While I completely agree with Watts here, what I think is most interesting and fascinating to me as a reader however, and I guess the biggest attraction to the genre as a whole, is the way in which each of these rural and ‘chook lit’ novels all feature strong, confident and independent female leads who not only love the land, but know how to get things done. Gone are the days where week and simple-minded heroines ruled the pages, and instead we a presented with a confident female characters who knows exactly what they want from the land, their family, the man of their dreams and their not afraid to go get it. That’s not to say I don’t enjoy the ‘quieter’ female leads, but there is just something so empowering and fun about having a sassy female protagonists who takes no bullshit and gives as good as she gets.

The SMH article also featured a quote from Random House’s Beverly Cousins who states that rural fiction and chook lit is ”the only fiction genre that is growing. It’s almost a guarantee, and at the moment in fiction publishing you don’t have many guarantees’. As a recent devotee of the genre, I sure hope it continues to thrive and bring many more voices to the mainstream Australian market.

Featured over the next week and half will be a variety of authors and their novels that each make up different sections of Rural Fiction and Chook Lit. I’ll be starting with the rural fiction of Rachael Treasure, whose work has been credited with developing, and pioneering, the genre (and popularity) of Rural fiction in Australia. For lets face it, even if you haven’t yet read it, you have more than likely heard of her 2002 release Jillaroo. As a rule Treasure’s work focuses on the more country aspects of rural fiction and while it does feature romance elements, its not as overtly romantic and thus Chook Lit, as say Rachael Johns Man Drought, or Cathryn Hein’s Heart of the Valley.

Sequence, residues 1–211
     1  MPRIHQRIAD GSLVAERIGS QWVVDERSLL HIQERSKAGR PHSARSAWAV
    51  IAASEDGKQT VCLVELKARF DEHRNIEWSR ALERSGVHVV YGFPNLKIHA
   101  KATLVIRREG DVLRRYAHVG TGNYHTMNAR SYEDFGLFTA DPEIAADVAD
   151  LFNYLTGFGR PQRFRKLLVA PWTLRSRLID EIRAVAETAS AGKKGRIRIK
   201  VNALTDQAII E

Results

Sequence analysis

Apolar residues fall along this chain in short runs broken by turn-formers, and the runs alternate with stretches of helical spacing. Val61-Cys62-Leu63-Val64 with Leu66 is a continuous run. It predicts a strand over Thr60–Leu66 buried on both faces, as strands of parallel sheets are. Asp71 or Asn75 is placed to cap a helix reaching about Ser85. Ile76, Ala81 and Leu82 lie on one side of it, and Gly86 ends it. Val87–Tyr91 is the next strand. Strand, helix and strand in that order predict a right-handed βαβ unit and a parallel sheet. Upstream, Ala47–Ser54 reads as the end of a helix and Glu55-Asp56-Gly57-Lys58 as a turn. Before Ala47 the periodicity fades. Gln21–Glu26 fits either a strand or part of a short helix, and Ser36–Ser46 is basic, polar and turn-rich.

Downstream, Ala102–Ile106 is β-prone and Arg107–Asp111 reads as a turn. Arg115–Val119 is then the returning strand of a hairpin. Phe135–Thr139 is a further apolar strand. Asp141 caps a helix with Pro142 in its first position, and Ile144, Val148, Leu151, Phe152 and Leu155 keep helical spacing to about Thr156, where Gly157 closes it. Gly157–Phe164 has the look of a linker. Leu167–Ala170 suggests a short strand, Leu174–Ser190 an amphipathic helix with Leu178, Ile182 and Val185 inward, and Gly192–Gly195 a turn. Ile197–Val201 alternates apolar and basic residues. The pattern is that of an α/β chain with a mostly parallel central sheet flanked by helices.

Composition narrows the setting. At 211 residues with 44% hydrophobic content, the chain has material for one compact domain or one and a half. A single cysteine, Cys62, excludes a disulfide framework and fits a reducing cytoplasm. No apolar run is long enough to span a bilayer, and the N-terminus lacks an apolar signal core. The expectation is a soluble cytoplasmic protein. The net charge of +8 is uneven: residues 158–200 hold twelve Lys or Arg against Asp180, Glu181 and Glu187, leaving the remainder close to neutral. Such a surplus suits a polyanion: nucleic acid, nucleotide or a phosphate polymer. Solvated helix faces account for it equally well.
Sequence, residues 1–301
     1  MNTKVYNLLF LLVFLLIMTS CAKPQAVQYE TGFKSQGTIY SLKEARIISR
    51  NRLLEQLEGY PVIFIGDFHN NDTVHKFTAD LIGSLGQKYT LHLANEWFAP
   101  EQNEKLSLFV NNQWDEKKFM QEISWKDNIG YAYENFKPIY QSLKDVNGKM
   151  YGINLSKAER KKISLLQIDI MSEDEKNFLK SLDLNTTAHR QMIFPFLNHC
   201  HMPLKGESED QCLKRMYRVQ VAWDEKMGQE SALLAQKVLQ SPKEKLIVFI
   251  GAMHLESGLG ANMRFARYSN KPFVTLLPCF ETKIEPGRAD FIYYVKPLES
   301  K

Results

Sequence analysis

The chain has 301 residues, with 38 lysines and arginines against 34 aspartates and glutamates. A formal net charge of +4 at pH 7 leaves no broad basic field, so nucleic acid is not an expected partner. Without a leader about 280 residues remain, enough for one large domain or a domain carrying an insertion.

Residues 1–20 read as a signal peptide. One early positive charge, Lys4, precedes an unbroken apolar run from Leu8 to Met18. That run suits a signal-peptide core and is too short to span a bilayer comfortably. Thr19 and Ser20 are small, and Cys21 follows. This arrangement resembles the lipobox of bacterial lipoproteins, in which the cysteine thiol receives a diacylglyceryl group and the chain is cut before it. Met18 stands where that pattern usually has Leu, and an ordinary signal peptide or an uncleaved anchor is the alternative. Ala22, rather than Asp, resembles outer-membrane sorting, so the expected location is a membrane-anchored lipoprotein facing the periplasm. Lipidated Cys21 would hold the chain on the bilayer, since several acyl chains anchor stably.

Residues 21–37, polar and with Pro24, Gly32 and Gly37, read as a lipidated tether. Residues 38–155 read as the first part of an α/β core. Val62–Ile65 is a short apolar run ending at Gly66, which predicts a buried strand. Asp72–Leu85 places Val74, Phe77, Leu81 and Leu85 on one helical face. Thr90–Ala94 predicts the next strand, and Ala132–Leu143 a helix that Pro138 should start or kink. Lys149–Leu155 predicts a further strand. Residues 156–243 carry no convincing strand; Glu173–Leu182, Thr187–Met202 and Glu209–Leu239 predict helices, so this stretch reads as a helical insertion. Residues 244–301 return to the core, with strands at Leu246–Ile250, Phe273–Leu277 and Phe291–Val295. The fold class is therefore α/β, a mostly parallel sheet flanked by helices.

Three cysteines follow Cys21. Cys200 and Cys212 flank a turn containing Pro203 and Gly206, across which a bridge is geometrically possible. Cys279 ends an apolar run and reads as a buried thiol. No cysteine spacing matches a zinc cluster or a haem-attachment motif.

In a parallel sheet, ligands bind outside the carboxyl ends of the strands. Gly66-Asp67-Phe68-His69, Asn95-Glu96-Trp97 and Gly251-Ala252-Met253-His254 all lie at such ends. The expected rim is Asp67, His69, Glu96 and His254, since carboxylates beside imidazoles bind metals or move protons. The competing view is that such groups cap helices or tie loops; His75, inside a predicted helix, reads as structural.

Either way I look forward to exploring this genre more fully and hope that you enjoy some of the reads as well.

The authors and books I’m hoping to cover over the course of the next two weeks (not necessarily in this order) are as follows:

 Rachael Treasure – Jillaroo and The Farmer’s Wife

Karly Lane – Bride’s Choice

Rachael Johns – Man Drought

Charlotte Nash’s debut novel – Ryders Ridge

Jennifer Scoullar – Brumby’s Run

Cathryn Hein – The Heart of the Valley

Alissa Callen – Beneath Outback Skies

Fiona Palmer – The Sunburnt Country

Fiona McCallum – Saving Grace (review posted yesterday)

If you know of any other rural or chook lit novels that you would recommend that you feel have been left out and forgotten feel free to leave me a message/comment and I’ll try my best to include them. If not now, then later on in the year. 


Leave a Reply

Fill in your details below or click an icon to log in: Logo

You are commenting using your account. Log Out /  Change )

Google+ photo

You are commenting using your Google+ account. Log Out /  Change )

Twitter picture

You are commenting using your Twitter account. Log Out /  Change )

Facebook photo

You are commenting using your Facebook account. Log Out /  Change )


Connecting to %s

This site uses Akismet to reduce spam. Learn how your comment data is processed.